Natural wine can be divisive amongst those who consider themselves oenophiles. And yes, not all natural wines are great examples of the category, but that is the case the wine world over – even in the same cellar there will be great years of one wine and poor years of the same one. Such is the way of wine.
Don’t confuse natural wine for organic wine
Natural wines are in a league of their own. Don’t confuse them for organic wines (although yes they may have been produced using organic agricultural methods). Because organic wine can still contain added sulphites to aid preservation, plus organic wines can be produced on farms that utilise machinery to assist in production.
Natural wines are more akin to biodynamic wines (only without the lunar calendar, the astrology and the buried cow horns), in so much as for a wine to be considered natural it has to have had limited chemical or mechanical intervention. Moreover, the vintner should have as little interference as possible in the winemaking process.
The natural approach to winemaking
Natural wine has gained prominence through recent years as a result of the backlash against modern winemaking, that has fast become the norm. But the natural wine movement is nothing new, it is merely a hark back to the original winemakers, an old-world approach that lets the land do the growing and the grapes ferment into wine.
In fact, in the vast majority of natural wines, the only additives are natural yeasts – wild yeasts that occur naturally on the grapes that help them ferment to become wine. And because winemakers operate a very much hands-off approach there is no filtration or fining of the wines, which can cause a cloudy appearance, but this doesn’t affect the flavour one jot.
Curious now as to how natural wines differ from standard wines?
6 reasons why you should give natural wine a try
- Natural wine tastes different.
Not in a bad way different, but in an uninhibited sort of way. A way that makes you think of wild meadows and long lazy afternoons. If you have ever tried a beer, think of natural wines as the wheat beer, a tastier option that is packed full of interesting flavour, whereas the standard wine is a pint of Stella.
- Natural wine is alive.
By which we mean during the harvesting of the grapes the vintner aims to keep the wine alive – they are striving to ensure the bacterial life in the wine remains as untouched as possible.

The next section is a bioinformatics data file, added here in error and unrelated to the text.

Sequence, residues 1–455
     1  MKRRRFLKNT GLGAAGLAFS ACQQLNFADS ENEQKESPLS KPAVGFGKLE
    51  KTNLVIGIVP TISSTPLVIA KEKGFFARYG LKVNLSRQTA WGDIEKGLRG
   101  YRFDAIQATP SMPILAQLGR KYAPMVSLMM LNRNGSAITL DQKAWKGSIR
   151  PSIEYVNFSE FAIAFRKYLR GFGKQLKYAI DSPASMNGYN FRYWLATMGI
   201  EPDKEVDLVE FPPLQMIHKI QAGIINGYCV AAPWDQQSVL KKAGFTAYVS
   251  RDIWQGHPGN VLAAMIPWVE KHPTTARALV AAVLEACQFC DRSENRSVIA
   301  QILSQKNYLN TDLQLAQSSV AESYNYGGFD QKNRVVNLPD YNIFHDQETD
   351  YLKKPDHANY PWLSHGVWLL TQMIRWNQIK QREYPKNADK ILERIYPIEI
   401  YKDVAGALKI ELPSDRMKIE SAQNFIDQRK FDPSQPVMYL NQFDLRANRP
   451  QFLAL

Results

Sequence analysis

- Natural wines are naturally low in sulphites.
If you suffer badly with hangovers and headaches after drinking, you should definitely consider natural wines. The acceptable levels of sulphites in natural white wines stand at 40 mg per litre, and 30 mg per litre for red. Compare that the 160 mg per litre for standard reds and up to 400 mg per litre for whites (although the average is around 210 mg per litre).
- Natural wine is transparent.
We don’t mean in the see-through sort of way, but in the ‘do you really know what you’re consuming when you purchase a cheap bottle of plonk from the local supermarket?’ way.
Natural wine wears its heart on its sleeve and is unapologetic for its lack of additional ingredients.
- It pairs well with food.
There’s a reason that you’ll find natural wines accompanying the menus of the world’s best fine dining establishments – because natural wine quite simply is an excellent companion.
If you’re going to eat local food, food whose provenance the chef has worked hard to ensure, which hasn’t come from outside a 30-mile radius of the restaurant thus maintaining a low carbon footprint, then you shouldn’t do it the disservice of pairing it with a mass-produced wine.
No, if you’re going to put that much effort into a meal, it should be celebrated with a liquid accompaniment that has been made to the same exacting standards, with the same love and devotion as the food you are eating. It should be paired with a bottle of natural wine.
- Because you’ve heard of red and white wine, but what about orange wine?
Orange wine is wine that has had skin contact – it’s white wine that has been made like red wine. The grape juice is left in contact with the skins of the grapes which gives the wine its distinctive orange hue, as well as richer, deeper flavour.
And far from being a fad, or the next hipster craze, orange wine is one of the oldest winemaking techniques in the world, dating back almost 8,000 years. You can’t get more natural than orange wine.